Upcoming Webinar: October 12, 2023 @ 12:30 P.M. (EDT)  |  Ethical Issues in Workplace Investigations: The Education Sector Edition Register Today!

Serious insight for serious situations.

Serious insight for serious situations.

<< Back to all posts

Ladies’ night at the Barking Frog: The Human Rights Tribunal of Ontario weighs in

While you’re here, you may wish to attend one of our upcoming workshops:

A follow-up to our popular webinar from earlier this year, “Ethical Issues in Workplace Investigations,” in this webinar, we’ll consider the unique ethical issues that arise in investigations in the education sector specifically. What is ethically appropriate (or not) as an investigator when it comes to interviewing minors, communicating with parents, and dealing with evidence from social media?

In a recent case before the Human Rights Tribunal of Ontario, Maclean v. The Barking Frog, (April 16, 2013), a man alleged that a bar had discriminated against him by charging him a higher entrance fee than women on ladies’ night.

The applicant, Maclean, went out one evening with his friends to The Barking Frog, a bar in London, Ontario.  Maclean claimed that upon arrival at the bar, he was told that the cover charge for men was $20, but that it was only $10 for women.  Maclean was offended, and decided not to pay.  He later brought a human rights application claiming that he had been discriminated against on the basis of sex, contrary to the Ontario Human Rights Code.

The bar owner denied that a differential cover charge had been sought, but conceded that the doorman may have offered Maclean and his friends a different price to jump the line.  But in any case, the Tribunal did not accept Maclean’s argument that by charging men more than women, the bar was perpetuating a belief in society that men are less worthy than women. Nor did the Tribunal accept Maclean’s position that the higher cover charge excluded men or made men feel unwelcome.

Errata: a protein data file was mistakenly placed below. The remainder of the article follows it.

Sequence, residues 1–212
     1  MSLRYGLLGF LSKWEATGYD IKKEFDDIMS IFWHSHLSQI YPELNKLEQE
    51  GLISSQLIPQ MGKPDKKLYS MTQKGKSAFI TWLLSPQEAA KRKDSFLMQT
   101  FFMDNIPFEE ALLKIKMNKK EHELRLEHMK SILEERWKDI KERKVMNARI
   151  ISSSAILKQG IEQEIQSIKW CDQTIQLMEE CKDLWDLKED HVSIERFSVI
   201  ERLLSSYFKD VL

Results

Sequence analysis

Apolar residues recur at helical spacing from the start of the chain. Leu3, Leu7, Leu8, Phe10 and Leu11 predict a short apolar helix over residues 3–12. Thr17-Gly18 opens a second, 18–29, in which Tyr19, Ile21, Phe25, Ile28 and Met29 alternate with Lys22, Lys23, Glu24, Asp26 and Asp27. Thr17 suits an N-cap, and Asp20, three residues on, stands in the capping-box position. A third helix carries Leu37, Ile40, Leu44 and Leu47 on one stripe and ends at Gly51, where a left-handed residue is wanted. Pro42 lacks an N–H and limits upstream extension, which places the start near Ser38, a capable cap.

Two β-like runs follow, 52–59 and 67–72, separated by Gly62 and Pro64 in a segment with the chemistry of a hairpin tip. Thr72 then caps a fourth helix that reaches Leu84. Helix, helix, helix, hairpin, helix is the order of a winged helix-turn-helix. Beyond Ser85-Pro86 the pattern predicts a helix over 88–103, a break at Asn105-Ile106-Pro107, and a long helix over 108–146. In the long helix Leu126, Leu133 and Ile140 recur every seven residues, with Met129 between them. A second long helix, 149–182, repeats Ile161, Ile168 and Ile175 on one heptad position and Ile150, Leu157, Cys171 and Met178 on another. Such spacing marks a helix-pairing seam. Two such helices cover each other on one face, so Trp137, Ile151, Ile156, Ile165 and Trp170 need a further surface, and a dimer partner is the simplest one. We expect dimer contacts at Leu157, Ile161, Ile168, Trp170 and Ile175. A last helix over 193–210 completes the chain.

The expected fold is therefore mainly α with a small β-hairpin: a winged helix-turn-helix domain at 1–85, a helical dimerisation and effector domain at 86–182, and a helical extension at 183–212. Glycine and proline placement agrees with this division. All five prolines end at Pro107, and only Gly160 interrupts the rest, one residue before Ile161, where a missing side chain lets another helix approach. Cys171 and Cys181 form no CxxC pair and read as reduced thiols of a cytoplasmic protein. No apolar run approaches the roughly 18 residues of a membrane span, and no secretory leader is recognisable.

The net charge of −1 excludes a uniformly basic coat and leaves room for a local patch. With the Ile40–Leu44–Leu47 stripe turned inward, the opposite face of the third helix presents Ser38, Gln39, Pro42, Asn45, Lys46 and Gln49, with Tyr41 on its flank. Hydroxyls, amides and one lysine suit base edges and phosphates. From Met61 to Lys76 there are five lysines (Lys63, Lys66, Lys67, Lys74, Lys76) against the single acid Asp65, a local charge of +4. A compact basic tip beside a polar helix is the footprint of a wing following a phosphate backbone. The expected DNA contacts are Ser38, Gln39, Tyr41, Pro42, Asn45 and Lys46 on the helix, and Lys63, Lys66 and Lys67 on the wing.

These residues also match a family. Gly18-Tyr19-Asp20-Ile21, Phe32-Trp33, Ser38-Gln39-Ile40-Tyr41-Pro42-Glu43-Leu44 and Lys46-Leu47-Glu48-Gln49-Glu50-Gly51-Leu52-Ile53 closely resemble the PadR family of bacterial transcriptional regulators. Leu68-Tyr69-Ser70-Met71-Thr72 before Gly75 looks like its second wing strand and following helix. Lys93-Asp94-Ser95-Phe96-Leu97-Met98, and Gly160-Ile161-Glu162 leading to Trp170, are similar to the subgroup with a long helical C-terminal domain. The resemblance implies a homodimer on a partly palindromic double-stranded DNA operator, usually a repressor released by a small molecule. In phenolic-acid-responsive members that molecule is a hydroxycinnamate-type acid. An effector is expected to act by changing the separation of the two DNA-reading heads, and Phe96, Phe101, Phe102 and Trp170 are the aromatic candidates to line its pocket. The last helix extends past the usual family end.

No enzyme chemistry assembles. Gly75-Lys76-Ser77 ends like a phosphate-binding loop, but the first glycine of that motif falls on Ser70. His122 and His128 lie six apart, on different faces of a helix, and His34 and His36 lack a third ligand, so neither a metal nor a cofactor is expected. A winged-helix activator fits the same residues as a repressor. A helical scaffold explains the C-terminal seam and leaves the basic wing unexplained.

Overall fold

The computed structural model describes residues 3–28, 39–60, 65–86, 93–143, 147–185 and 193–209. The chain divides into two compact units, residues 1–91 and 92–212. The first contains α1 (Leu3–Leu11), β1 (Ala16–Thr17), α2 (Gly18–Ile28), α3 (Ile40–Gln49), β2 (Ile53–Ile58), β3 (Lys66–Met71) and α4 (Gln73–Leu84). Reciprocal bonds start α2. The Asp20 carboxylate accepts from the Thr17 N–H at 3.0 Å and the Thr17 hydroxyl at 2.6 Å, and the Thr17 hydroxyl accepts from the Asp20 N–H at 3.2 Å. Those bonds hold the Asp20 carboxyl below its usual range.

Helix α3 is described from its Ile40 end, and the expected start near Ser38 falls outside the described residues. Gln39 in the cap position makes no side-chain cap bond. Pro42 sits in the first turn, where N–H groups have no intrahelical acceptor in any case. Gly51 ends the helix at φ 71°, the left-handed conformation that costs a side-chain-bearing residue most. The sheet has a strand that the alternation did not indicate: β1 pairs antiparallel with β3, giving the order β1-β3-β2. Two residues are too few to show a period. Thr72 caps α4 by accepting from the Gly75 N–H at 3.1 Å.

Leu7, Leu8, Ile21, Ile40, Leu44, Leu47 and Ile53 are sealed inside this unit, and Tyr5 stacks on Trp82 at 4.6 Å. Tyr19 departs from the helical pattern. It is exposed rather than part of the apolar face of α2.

The adjudicator emphasized that the Code is aimed at achieving substantive equality, and that not all differential treatment is discriminatory and unlawful.

The decision confirms the principle that the Human Rights Code is aimed at achieving “substantive equality” and as a result, not all differential treatment is discriminatory. The language of the case is interesting:

“The attraction of more women into a bar is designed to increase overall attendance at the bar and the bar owner’s profit. This is apparently a successful business strategy that has been used by many in the business for many years. Far from operating to exclude or discourage men from entering a bar or to keep bars segregated between genders, one of the primary functions of a “ladies’ night” is to try to increase the attendance of men because of the presence of more women. I fail to see how this strategy can be seen as substantive discrimination in the overall societal context, in light of the privileged position that men hold in our society”.

The adjudicator dismissed the application has having no reasonable prospect of success.

Although it may be surprising that such an application was brought, it does give pause for thought.  The language of this last paragraph could be controversial.  While legally sound, the case reminds us that not all differential treatment is necessarily discriminatory and therefore unlawful.

Marie-Helene Mayer